While the union continues to fight for safe staffing ratios, we have also taken on wage inequities created by St. Joe's hiring practices. Our members are aware that some nurses make significantly less than a new hire with identical experience. We have proposed a system that would bring nurses up if they are paid less than the hiring rate. We have also proposed a minimum 4% increase for all nurses. Additionally, we have seeking to significantly improve when overtime is paid, call pay, shift and weekend differentials, additional vacation and holidays among other economic proposals.
Management has respond with a 2% increase each year. They continue to pursue a proposal that would require nurses
to get a Bachelor's Degree or lose their job--without any additional
funding for education! St. Joe's is also proposing removing EIB from the contract, meaning they could make any changes they want, even eliminating it altogether. It would immediately result in nurses having to use more PTO before receiving the EIB benefit.
We have heard from our members how important preserving EIB is and we're pushing back. We have heard from you how important safe staffing is and we're pushing back. We need YOU to let management know how important EIB is to you! We need YOU to let management know that you deserve safe staffing and decent wage!
Bargaining continues on Monday, March 3.
Friday, February 28, 2014
Monday, February 17, 2014
When the union surveyed our members last fall, the number one issue identified was staffing. You told us that you are overworked, asked to do more and more with less and less, and that the quality of patient care suffers because of it.
The union and management met again on Thursday, February 13, for negotiations. Although there has been progress up to this point, bargaining hit a roadblock over the issue of staffing. The union has proposed staffing ratios intended to address the concerns you identified. Management’s response: we are not understaffed. We only need to be “educated” to see that everything is okay.
In an hour-long presentation, management tried to convince the union bargaining team there are already sufficient resources, we just don’t appreciate what we have. All we need to do shuffle what is already available. That’s like saying if only the deck chairs on the Titanic had been rearranged, it wouldn’t have sunk.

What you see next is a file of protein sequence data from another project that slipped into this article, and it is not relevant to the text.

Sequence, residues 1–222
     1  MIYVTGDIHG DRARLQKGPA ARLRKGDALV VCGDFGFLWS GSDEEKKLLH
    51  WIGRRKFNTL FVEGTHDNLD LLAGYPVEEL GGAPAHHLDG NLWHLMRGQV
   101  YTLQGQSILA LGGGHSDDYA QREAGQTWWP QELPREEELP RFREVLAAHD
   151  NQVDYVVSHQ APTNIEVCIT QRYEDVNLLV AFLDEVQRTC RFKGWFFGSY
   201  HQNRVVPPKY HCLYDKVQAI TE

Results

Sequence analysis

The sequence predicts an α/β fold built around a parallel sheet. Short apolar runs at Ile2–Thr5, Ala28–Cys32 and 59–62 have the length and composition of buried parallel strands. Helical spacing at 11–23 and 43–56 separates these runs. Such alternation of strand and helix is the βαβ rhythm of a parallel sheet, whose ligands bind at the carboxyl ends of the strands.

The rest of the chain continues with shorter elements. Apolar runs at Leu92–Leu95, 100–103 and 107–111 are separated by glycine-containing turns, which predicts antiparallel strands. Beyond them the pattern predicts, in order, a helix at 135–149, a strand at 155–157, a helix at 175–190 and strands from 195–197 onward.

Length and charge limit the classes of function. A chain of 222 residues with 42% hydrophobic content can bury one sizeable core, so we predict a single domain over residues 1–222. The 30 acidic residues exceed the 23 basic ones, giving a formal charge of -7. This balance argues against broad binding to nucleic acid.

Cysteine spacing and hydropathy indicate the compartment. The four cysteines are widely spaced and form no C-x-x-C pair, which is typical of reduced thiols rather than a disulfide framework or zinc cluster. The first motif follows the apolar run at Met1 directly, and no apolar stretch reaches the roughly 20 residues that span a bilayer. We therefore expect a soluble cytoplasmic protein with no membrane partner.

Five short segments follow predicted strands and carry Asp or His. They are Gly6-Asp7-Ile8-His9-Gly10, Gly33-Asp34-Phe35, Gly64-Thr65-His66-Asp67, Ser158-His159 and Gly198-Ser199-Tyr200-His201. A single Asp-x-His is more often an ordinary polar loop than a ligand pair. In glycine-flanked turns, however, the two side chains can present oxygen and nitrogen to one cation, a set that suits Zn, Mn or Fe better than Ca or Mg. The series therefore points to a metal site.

We know what you are experiencing is real. Management already has the ability to redistribute resources to address the problem. They haven’t done it. We need enforceable contract language to fix the problem.
Studies directly link safe staffing to reduced rates of patient deaths and post-operative complications, including respiratory failure, urinary tract infections, pneumonia, shock, upper gastrointestinal bleeding, and shorter hospital lengths-of-stay. And it’s cost-effective for the hospital. Safe staffing ratios have produced cost savings for hospitals in reduced spending on temporary nurses and overtime costs, lower nurse turnover, improved patient outcomes, and shorter patient lengths of stay. Preventing medical errors reduces loss of life and could reduce healthcare costs by as much as 30 percent.
Now is the time for you to let your manager know that your unit is understaffed, you are over worked, and your patients are suffering for it. Make your voice heard! You deserve a real solution to the problem.
The union is meeting with members to discuss the issue on Tuesday, February 18, from 6:30am to 6:30pm in the Madison Board Room. The next bargaining session is scheduled for Thursday, February 20.
Sunday, February 9, 2014
Negotiating sessions were held on January 27 and 30 and February 4 and 6. Both sides are still focusing on non-economic proposals (wages and benefit issues are typically held back until some of the easier issues are addressed). The union continues to advance proposals to address workload and scheduling concerns raised by our members through the surveys and face-to-face meetings. The union’s bargaining team proposed mandatory staffing ratios intended to promote patient safety and address our members’ feelings of being overworked. Management says they are looking at it.
Although we have made progress toward a system that would distribute the burden of mandatory HE more fairly, there is a stumbling block, however. Management has proposed having the option to place nurses on standby rather than HEing them. This proposal is unacceptable and has been rejected, but management has not yet withdrawn it.
We also have continued to resist a proposal by management that would have us scheduling our vacations every six months instead of annually. Our discussions with the membership have indicated no interest in this proposal.
Additionally, St. Joes continues to push taking away guaranteed rest breaks and counting preceptees in the staffing count. These proposals will lead to more overwork. We will fight back against any proposal that contributes to being overworked by St. Joes!
What about wages and benefits?
All the items mentioned above are important, but most of our members are anxious to know what is going to happen to salaries and benefits. It is typical in negotiations to resolve as many “non-economic” issues as possible before addressing “economic” proposals. Rest assured, economic proposals will be exchanged in the coming weeks. The next bargaining session is on February 13.